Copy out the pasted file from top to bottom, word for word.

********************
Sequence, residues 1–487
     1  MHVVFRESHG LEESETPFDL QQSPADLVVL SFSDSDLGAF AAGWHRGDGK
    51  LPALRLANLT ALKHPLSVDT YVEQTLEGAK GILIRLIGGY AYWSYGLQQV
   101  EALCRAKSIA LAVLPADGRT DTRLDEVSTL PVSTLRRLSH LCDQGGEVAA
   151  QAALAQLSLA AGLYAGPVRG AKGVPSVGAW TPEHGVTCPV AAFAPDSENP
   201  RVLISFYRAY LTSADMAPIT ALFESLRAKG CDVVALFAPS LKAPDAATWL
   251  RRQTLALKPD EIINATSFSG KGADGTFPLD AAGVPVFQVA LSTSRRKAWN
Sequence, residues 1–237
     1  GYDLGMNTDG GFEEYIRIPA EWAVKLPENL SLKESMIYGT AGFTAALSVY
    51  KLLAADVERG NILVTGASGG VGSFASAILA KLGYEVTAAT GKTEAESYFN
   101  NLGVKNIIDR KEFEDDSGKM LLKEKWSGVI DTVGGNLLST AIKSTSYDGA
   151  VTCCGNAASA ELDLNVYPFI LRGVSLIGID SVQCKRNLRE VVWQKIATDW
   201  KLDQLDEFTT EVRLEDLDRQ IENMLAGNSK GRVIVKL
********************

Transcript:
Sequence, residues 1–487
     1  MHVVFRESHG LEESETPFDL QQSPADLVVL SFSDSDLGAF AAGWHRGDGK
    51  LPALRLANLT ALKHPLSVDT YVEQTLEGAK GILIRLIGGY AYWSYGLQQV
   101  EALCRAKSIA LAVLPADGRT DTRLDEVSTL PVSTLRRLSH LCDQGGEVAA
   151  QAALAQLSLA AGLYAGPVRG AKGVPSVGAW TPEHGVTCPV AAFAPDSENP
   201  RVLISFYRAY LTSADMAPIT ALFESLRAKG CDVVALFAPS LKAPDAATWL
   251  RRQTLALKPD EIINATSFSG KGADGTFPLD AAGVPVFQVA LSTSRRKAWN
Sequence, residues 1–237
     1  GYDLGMNTDG GFEEYIRIPA EWAVKLPENL SLKESMIYGT AGFTAALSVY
    51  KLLAADVERG NILVTGASGG VGSFASAILA KLGYEVTAAT GKTEAESYFN
   101  NLGVKNIIDR KEFEDDSGKM LLKEKWSGVI DTVGGNLLST AIKSTSYDGA
   151  VTCCGNAASA ELDLNVYPFI LRGVSLIGID SVQCKRNLRE VVWQKIATDW
   201  KLDQLDEFTT EVRLEDLDRQ IENMLAGNSK GRVIVKL